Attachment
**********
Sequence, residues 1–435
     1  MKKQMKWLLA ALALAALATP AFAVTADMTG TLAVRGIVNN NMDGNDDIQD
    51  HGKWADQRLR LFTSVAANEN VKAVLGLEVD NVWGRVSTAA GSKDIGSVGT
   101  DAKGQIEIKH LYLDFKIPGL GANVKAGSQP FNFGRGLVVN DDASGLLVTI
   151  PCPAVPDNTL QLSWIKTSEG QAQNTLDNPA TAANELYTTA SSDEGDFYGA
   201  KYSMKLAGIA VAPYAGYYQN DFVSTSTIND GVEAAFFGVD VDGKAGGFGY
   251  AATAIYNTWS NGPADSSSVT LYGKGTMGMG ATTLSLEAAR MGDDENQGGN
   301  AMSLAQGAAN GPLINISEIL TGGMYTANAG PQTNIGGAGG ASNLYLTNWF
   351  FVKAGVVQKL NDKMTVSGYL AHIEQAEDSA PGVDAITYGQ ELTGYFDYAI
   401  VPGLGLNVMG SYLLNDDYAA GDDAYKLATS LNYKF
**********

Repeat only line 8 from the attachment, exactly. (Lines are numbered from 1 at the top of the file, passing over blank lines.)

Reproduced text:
   301  AMSLAQGAAN GPLINISEIL TGGMYTANAG PQTNIGGAGG ASNLYLTNWF